When Selene Torres-Medrano talks about her childhood, you can tell it’s not an easy subject for her to discuss. She grew up in an abusive home, a place with no father and a mother who was physically and emotionally absent. Selene and her sisters had to take care of their many siblings and in her words “learn to be tough growing up.”
Selene’s escape was school. She attended Umatilla public schools starting in kindergarten. School, she says, was her safe place, a place she felt at home, a stable island in an unstable life. Her teachers, who knew of her home life, described Selene as “resilient.” Her 3rd grade teacher, Mr. Emmons, noticed her interests and gave her back issues of National Geographic to read. Mrs. Wilson, her 4th grade teacher, read The Chronicles of Narnia every day to the class, and got Selene interested in the school’s Battle of the Books. “My teachers all went above and beyond to help me,” Selene said.
In 5th grade, Mr. Lorence instilled in her a love of science, which continued the next year when Mrs. McElroy helped her do a science project extracting DNA from onions. According to Selene, this project “stunk up the entire 6th grade hallway,” but what she remembers is the support of her teacher and how she believed in her student.
Although things were good at school, her home environment continued to deteriorate. Selene’s 14-year-old sister left home, followed later by her 13-year-old sister, devastating to Selene. She had become interested in sports and was pursuing volleyball, basketball and track. But she still had to care for her siblings and after the family moved to Hermiston, it was difficult for her mother to drive her to Umatilla. Tensions escalated, Selene became angry and despite being a good student previously, her grades faltered. She said she put up walls and didn’t allow her teachers to reach out to her anymore.
Then, her sophomore year she got pregnant. The people she turned to were Mr. Cotterell, Mrs. Swarat and Ms. Guentert. Their unwavering support and that of other staff was still there, and Selene says “something clicked when I found out I was pregnant. I had to do something great in my life, this other person coming into existence was depending on me.”
She got a job at Good Shepherd Medical Center and started her junior year of high school pregnant, but she worked hard at her classes. Her mother had kicked her out, but she moved in with her boyfriend’s family. Her daughter, Ariana, was born in January 2010. That spring, Selene found daycare for her baby and returned to school, and her teachers and the school staff were still there, supporting her. “They rooted for me and believed in me and saw that I was much more than a teen mom.”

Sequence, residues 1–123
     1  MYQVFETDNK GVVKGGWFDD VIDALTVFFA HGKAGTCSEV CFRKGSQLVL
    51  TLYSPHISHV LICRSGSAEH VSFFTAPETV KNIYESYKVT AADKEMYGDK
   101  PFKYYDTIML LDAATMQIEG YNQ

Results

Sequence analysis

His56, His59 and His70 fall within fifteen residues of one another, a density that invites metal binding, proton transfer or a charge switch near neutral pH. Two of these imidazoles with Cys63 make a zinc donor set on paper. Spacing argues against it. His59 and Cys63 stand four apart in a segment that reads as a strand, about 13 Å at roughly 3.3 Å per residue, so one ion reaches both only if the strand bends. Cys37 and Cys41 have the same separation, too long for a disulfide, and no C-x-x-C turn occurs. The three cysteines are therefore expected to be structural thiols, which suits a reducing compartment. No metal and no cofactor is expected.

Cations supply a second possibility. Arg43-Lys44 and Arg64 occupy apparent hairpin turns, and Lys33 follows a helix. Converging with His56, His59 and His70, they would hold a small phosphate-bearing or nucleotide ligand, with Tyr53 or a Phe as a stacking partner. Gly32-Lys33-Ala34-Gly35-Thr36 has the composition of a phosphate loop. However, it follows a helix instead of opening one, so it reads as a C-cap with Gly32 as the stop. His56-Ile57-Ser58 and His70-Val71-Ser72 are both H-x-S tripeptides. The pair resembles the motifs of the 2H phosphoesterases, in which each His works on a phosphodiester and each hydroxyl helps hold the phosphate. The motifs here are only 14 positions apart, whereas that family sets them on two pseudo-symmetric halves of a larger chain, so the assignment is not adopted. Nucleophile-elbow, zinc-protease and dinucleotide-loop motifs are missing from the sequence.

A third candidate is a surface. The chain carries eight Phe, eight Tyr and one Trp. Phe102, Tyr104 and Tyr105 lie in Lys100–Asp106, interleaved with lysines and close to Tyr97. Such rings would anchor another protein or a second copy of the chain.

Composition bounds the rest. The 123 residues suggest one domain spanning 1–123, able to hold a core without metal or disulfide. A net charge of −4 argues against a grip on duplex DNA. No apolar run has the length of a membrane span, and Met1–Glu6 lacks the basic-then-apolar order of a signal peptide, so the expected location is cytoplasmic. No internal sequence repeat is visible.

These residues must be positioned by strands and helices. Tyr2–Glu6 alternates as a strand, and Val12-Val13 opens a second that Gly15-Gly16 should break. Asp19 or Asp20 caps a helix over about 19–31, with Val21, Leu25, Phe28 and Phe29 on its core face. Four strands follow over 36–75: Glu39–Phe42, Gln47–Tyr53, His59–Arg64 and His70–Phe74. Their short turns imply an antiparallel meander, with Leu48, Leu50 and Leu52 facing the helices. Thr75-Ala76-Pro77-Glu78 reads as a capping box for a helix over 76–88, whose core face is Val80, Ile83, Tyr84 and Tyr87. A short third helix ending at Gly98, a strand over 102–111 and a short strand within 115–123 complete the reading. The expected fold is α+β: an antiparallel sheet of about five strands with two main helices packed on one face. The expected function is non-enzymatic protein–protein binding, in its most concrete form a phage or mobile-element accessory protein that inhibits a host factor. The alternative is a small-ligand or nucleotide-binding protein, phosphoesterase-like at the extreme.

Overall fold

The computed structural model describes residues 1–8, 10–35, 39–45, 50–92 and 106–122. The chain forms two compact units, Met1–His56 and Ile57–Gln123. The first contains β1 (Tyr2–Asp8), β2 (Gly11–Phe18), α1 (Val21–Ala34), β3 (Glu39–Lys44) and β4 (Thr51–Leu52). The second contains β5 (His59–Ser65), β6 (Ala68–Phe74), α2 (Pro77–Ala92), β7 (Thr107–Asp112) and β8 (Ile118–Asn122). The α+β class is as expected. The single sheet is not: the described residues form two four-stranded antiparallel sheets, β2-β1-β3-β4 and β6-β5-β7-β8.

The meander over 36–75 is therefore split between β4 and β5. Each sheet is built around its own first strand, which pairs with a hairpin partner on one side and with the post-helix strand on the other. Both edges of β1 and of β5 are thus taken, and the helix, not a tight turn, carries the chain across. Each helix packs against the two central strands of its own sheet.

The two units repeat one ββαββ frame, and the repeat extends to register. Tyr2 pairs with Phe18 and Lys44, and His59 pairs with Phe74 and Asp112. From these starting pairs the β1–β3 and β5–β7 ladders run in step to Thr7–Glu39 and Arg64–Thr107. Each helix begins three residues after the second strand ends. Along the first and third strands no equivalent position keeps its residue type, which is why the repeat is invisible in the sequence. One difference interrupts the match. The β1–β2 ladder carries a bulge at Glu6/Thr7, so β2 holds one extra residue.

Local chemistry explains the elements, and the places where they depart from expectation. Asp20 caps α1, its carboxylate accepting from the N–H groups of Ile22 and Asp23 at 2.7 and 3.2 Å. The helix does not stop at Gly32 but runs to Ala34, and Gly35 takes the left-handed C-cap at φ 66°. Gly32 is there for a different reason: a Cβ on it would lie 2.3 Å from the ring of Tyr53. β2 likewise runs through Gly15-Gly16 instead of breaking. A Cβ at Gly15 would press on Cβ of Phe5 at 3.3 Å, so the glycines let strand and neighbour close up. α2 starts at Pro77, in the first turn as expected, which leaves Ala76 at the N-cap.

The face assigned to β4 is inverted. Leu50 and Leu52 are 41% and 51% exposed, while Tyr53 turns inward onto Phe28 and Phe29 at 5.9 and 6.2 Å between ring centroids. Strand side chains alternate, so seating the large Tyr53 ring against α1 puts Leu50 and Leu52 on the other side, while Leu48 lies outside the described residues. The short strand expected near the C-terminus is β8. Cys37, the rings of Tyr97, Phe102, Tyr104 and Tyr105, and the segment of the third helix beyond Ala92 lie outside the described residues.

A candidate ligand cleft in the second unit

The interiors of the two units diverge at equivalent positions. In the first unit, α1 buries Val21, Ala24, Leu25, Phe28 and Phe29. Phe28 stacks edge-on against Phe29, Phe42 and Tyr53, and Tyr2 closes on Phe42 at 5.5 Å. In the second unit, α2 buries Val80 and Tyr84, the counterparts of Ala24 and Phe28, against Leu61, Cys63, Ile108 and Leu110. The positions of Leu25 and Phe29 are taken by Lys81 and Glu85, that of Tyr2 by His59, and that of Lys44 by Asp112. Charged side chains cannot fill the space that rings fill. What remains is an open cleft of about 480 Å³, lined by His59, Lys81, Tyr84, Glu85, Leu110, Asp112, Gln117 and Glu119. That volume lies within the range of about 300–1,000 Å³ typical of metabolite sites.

During her senior year, Selene played varsity volleyball, she was a member of the National Honor Society and she participated in student government. In the spring of 2011, she graduated from high school. She was accepted to Eastern Oregon University and moved herself and her daughter to La Grande, where she worked 30 to 40 hours a week at McDonald’s and attended college. Eventually, this pace took its toll and she moved back to Umatilla, where she got a job at McNary Elementary and commuted to Washington State University in Tri-Cities. Her son, Hendri, was born in December 2014.
In spring 2017, Selene will earn her bachelor’s degree in biology; she is taking the MCAT next summer and plans to apply to medical school. She is hoping to attend an osteopathic medical school in Lebanon, Oregon.
Selene will tell you again and again, there is no way she would be where she is today without the support of the Umatilla School District and its teachers and staff. “My teachers are a huge part of my whole life. They told me ‘you can do whatever you want to do in your life.’ They made me love books and get interested in science and they always, always went the extra mile for me,” Selene says.
Recently, Selene was presented with an opportunity to return some of the goodwill received from Umatilla schools. She is heading up the PAC (political action committee) of citizens helping to support the Umatilla School Bond on the November 8 ballot. When Umatilla Superintendent Heidi Sipe asked her to help, Selene didn’t hesitate, because she said she wants the best learning environments possible for Umatilla students. “I am who I am because of the Umatilla School District and everyone there who touched my life. This is my chance to give back.”